Q: How do you explain the especially harsh criticism you’ve received in your home country?

Bach: As ever, we can’t speak of “the” German media, since there have also been examples of balanced reporting. It’s a well-known fact, though, that there are a handful of people in the media who make no secret of their personal animosity towards me. So far as they are concerned, I haven’t made a single good decision in over ten years. This animosity finds particularly forceful expression on social media, with the people in question sometimes even resorting to defamatory statements in their attempts to intimidate those who express a different view.

A few more Bach quotes worth noting:

● “There have been all kinds of conspiracy theories. The facts paint a completely different picture.”

● “[U]nlike cancellation, [postponement] was not a decision the IOC could take on its own. And to counter the conspiracy theories on this point, too, I want to make it clear that the IOC’s insurance would have covered cancellation, but does not cover postponement. But postponement required the agreement of the Organising Committee, which needed to be prepared to carry on for another year; and the Japanese government also had to be willing to go on supporting the preparations.”

● “We really cannot be accused of either undue hesitation or a lack of consultation or transparency. The process was simply the result of consultations with our Japanese partners, which progressed much faster than our initial discussions on 22 March had led us to expect.”

● “In critical situations like this, you can’t expect universal support. You can’t satisfy everyone. The support that really counted was the trust that the Olympic Movement placed in its leadership. This support never wavered, even when some of the critical voices were at their loudest and most public. The many personal messages I have received from all over the world in the last three or four weeks have also been very uplifting.”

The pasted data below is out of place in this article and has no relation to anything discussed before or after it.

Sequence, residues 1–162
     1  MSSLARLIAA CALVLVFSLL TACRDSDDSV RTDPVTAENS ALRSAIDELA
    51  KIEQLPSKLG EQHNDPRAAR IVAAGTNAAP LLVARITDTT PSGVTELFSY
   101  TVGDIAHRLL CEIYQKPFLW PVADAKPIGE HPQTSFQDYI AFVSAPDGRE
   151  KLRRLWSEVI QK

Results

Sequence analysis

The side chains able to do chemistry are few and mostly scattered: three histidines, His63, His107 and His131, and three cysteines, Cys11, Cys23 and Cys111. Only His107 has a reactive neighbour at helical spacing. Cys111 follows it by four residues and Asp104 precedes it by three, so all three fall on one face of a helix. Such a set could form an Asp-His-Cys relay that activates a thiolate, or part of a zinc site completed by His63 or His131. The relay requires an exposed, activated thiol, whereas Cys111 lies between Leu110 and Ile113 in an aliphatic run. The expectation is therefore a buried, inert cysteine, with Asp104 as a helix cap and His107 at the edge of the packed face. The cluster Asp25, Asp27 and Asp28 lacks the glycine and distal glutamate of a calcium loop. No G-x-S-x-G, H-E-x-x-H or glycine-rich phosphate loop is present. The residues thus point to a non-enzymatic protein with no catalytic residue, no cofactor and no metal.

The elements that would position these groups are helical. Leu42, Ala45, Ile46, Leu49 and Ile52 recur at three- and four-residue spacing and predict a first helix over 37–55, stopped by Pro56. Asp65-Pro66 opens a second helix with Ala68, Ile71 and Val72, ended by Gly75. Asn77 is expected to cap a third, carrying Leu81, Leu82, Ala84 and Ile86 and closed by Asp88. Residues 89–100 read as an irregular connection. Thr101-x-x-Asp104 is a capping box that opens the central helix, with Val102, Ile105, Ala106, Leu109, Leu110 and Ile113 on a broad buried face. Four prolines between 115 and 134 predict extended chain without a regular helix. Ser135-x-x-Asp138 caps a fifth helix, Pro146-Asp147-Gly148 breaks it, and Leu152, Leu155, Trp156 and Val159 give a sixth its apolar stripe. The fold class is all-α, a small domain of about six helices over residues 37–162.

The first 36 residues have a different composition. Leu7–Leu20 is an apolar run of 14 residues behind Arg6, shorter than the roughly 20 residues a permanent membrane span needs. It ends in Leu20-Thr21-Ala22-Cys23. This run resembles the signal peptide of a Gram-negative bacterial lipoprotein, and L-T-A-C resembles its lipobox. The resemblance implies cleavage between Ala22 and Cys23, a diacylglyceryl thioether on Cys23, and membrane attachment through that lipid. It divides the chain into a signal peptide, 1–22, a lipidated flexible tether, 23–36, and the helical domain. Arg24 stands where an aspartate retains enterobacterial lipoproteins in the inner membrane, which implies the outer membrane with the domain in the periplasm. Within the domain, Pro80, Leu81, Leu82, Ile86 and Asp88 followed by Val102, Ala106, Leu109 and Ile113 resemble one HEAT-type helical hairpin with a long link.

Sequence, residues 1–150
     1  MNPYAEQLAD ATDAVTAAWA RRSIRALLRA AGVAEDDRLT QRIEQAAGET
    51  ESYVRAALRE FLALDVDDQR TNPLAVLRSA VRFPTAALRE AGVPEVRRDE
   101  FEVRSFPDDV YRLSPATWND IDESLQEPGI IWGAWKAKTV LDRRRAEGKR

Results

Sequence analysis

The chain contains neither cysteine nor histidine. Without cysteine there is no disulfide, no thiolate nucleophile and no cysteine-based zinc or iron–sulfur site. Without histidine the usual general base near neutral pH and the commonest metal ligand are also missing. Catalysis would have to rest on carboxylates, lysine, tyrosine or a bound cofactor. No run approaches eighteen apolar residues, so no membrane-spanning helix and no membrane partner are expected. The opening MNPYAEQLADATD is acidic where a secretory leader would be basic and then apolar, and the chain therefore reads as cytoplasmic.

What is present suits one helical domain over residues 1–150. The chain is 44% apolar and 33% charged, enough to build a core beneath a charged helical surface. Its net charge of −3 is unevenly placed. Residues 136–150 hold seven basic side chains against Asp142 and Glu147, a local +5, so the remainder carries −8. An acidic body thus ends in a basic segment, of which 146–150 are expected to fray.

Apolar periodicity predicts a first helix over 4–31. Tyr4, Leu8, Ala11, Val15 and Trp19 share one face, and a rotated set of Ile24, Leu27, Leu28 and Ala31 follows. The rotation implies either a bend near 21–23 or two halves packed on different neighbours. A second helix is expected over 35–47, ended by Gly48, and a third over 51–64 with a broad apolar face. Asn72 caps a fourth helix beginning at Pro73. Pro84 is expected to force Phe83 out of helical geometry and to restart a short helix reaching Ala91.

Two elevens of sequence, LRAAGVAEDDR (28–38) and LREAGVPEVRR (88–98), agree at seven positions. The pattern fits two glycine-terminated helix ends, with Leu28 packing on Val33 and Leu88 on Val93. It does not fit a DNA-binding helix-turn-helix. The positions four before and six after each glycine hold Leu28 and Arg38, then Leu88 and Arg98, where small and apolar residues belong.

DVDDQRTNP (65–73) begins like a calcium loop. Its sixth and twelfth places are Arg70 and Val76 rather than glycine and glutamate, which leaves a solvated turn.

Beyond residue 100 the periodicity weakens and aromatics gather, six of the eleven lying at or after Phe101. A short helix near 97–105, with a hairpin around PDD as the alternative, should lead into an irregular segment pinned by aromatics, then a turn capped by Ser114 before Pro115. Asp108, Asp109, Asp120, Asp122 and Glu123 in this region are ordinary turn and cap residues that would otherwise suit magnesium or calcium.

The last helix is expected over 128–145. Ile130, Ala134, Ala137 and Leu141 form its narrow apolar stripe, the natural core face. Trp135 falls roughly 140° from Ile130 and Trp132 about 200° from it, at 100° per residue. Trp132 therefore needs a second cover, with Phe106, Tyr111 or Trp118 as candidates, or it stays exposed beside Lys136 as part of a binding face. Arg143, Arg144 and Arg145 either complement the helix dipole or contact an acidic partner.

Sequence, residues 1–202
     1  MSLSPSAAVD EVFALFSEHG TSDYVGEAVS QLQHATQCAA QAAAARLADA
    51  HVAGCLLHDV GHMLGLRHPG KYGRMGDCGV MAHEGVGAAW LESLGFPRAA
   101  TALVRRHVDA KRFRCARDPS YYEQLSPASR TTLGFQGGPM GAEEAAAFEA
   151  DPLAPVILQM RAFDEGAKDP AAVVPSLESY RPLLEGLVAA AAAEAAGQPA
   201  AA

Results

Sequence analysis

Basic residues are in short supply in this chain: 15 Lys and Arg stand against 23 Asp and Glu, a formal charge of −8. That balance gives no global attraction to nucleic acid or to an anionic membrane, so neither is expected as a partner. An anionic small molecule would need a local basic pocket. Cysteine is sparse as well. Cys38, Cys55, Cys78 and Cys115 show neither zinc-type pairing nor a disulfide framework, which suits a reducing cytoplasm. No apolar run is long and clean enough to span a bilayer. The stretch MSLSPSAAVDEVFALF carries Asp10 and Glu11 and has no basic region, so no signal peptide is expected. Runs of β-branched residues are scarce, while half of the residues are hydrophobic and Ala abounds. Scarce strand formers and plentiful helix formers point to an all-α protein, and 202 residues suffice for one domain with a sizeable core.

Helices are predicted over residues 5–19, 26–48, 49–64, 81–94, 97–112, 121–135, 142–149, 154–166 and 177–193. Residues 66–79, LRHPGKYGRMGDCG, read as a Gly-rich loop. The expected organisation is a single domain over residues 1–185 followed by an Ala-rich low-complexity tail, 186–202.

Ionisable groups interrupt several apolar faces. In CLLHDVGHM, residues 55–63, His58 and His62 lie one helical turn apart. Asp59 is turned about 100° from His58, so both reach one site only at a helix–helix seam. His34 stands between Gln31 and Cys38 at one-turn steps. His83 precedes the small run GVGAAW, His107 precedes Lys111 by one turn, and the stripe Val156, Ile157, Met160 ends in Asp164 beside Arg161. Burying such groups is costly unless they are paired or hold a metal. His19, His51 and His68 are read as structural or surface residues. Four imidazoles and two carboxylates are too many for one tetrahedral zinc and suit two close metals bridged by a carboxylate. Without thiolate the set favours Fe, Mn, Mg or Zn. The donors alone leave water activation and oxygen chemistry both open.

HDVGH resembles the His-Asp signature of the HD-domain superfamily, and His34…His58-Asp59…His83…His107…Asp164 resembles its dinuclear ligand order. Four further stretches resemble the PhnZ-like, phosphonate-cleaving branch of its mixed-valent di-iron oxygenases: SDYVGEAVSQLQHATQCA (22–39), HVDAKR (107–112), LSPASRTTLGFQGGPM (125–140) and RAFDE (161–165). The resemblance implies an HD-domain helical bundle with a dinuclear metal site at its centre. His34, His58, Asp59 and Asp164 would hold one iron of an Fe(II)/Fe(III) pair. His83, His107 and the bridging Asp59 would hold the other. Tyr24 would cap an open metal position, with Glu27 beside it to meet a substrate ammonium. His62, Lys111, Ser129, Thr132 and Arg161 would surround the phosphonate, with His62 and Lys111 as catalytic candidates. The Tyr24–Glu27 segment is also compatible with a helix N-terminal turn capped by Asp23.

In response to a question about Canada declaring it would not send a team to Tokyo in 2020, Bach noted “Under the terms of the Olympic Charter, every NOC is obliged to send a team to the Olympic Games. This rule was put in place in the wake of the boycotts of 1980 and 1984″ and added “It is our view that no group, however constituted, can override the right of the individual athlete to decide. We would even take any necessary steps to assist individual athletes in the exercise of this right,” setting up the hypothetical possibility that an athlete could compete from an NOC that refused to attend the Games! Watch for that comment to be activated in the future.

This was by far Bach’s most pointed response to criticism he has received. While some will continue to dismiss him, he will get high marks for taking the interview and then taking on the interviewer. Whether you like Bach or not, this was an impressive performance.

Weightlifting ● The situation within the International Weightlifting Federation has come to a head. In the aftermath of the German ARD television documentary on weightlifting and its president, Hungary’s Tamas Ajan, he “stepped away” from his duties and Ursula Papandrea, head of USA Weightlifting, was installed as acting president.

But in a letter circulated to the other members of the IWF Board last week and promptly leaked to ARD’s Hajo Seppelt – Papandrea detailed a series of actions showing that rather than releasing his position, Ajan has continued almost as usual, in charge of IWF finances, representing the IWF on teleconferences with the IOC and more.

Papandrea further stated that she was “explicitly threatened to be arrested among other insults and implicit threats,” and resolved: “I feel you are no longer suited to either represent or lead this organization in accordance with the Terms set forth by the IWF Executive Board and continue to violate them.”

She then asked the Executive Board members to vote on her motion to expel Ajan as a member of the Executive Board until the matter can be voted on by the IWF Congress.

The votes were to be made in response to Papandrea’s e-mail, with the results expected in the next few days. Stay tuned.